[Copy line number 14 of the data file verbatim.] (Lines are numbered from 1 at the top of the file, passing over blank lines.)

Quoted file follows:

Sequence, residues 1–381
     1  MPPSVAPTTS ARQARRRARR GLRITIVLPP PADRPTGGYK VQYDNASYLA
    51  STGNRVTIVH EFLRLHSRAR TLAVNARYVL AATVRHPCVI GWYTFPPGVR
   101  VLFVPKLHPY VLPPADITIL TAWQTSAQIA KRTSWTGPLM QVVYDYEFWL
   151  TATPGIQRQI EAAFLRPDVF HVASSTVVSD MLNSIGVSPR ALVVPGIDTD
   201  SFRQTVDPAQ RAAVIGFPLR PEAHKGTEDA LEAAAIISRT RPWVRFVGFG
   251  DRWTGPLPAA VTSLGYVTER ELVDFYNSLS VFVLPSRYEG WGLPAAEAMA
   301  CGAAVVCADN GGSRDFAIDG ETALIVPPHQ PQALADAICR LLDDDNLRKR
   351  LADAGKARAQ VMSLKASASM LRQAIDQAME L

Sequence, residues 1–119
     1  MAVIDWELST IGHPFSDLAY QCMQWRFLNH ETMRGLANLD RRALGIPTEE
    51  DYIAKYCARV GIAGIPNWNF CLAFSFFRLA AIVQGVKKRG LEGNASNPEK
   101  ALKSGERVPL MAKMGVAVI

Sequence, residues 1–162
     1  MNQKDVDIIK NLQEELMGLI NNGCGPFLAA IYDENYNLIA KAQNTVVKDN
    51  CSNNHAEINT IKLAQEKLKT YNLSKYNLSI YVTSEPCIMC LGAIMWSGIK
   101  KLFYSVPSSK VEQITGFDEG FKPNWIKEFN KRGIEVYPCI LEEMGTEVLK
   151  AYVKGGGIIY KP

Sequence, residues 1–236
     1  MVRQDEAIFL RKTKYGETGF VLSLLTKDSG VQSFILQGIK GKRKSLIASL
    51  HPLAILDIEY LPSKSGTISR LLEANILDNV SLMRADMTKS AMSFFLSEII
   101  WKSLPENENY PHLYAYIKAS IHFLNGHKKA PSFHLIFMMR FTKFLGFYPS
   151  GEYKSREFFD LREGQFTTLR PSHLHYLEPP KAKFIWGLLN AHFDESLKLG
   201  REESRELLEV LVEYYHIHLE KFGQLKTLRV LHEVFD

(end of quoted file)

Sequence, residues 1–162